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Considering China from South America

October 13, 2011

The Fulbright trip east to China will begin in early 2012, but a recent expedition to Peru gave me a chance to sharpen my photography skills while sorting out the best method of adding photos next year to the Nanjing American Studies blog. Check out the Facebook link to the right for scenes from my 2011 expedition through the Sacred Valley of the Incas.

One of the more heated questions that came up in conversations with guides on the Inca Trail was the matter of ethnic origins in South America. Specifically, the historical relationship between South American indigenous peoples and Asian ethnic groups. Did Asian peoples migrate to South America? Or did South American natives make their way to places like China? And does any of this matter for modern political and cultural issues? All of this, by the way, leaves aside the vexed identity politics of Native (North) American Indian constituencies, whose claims on authenticity and cultural status have been sensitive questions for centuries.

Most interesting of all to me during the Peru trip was the dazzling level of diversity across the country. Spanish language predominated along the western littoral, of course, thanks to the sixteenth-century imperial project of Spain, led by the Pisarro brothers and devastating to the native Inca empire. But move out of Lima, with its cosmopolitan flair and lively Japanese, German, Chinese, Spanish, and African subcultures, into the heartland of Peru, and unwritten-but-widely-spoken native languages like Quichua prevail, as among the ordinary folks of the Sacred Valley. Meanwhile, a host of native Peruvian languages persist in the mountains and jungle regions east of the coast, a remote region which had always been less interesting to the treasure seekers of Spain and thus retained their historic linguistic patterns.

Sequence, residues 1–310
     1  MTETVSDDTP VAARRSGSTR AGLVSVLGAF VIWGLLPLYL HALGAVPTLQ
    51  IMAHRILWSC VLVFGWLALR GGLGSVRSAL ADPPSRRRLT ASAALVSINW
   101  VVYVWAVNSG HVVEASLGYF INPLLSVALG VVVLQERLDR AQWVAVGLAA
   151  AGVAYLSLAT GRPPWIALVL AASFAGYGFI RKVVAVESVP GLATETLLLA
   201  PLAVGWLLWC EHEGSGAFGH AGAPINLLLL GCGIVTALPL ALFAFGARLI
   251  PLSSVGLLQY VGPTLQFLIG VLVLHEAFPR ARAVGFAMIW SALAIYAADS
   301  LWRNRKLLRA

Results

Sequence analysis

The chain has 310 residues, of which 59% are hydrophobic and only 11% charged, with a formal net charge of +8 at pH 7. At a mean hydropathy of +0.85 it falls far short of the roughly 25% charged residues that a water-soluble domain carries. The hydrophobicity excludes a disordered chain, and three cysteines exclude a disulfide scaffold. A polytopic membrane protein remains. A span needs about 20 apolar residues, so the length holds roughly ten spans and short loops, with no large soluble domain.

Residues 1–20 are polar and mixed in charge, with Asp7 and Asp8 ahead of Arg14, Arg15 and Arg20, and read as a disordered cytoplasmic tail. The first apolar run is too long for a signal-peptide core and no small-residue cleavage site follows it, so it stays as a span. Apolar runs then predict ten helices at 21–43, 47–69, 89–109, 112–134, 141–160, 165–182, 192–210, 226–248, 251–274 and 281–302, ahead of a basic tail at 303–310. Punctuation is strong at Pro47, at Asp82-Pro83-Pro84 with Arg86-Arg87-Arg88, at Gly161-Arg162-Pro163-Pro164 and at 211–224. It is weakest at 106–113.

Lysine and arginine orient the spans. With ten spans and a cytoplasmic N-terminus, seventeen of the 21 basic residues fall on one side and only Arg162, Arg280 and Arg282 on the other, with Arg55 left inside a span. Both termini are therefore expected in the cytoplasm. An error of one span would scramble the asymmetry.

This cultural and political relationship of cosmopolitan coastal languages to indigenous languages of a nation’s less-traveled interior will likely be a prominent theme of teaching in China next year.

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One Comment leave one →
  1. William Spates permalink
    October 20, 2011 6:44 am

    Hello Jim! Great post; it sounds like you’ve a fantastic year ahead of you. The weight of scientific evidence suggests a trip East from Asia to the Americas, but to limit this interaction to one direction, or for that matter, one species (see for example the recent discovery of the Denisovans in Siberia whose trace DNA exists in the Australian aboriginal population http://www.sciencemag.org/content/333/6046/1084) threatens to overly simplify the complexity of human migration. Likewise, there is genetic evidence that Easter Island hosted both Polynesians and at the very least some South Americans visitors in Pre-Columbian times (perhaps not the best source but worth using for leads: http://maxwellinstitute.byu.edu/publications/transcripts/?id=154).

    I was hoping you were going to make the trip from South America to Asia yourself! It is possible to catch flights from Lima and Santiago to Easter Island then over to Papete, Tahiti and from there to Suva Suva, Fiji to Auckland or Sydney and up through New Guinea, Indonesia, etc., to SE Asia or upwards toward Somoa to the Philipines, Guam, Japan/Tawain, and China… you don’t even need to go to Hawaii! I’ve quite an interest in these things having made a similar trip this summer from Qatar to Sydney several islands in Fiji, Hawaii and then onto the Pacific NW.

    Paradoxically, when trying to plan such a trip from Lima or Santiago one can fly to Easter Island, but despite repeated efforts I couldn’t discover a flight bound west to the South Pacific, whereas it’s quite easy to get flights from Tahiti to Easter Island… History repeats itself?

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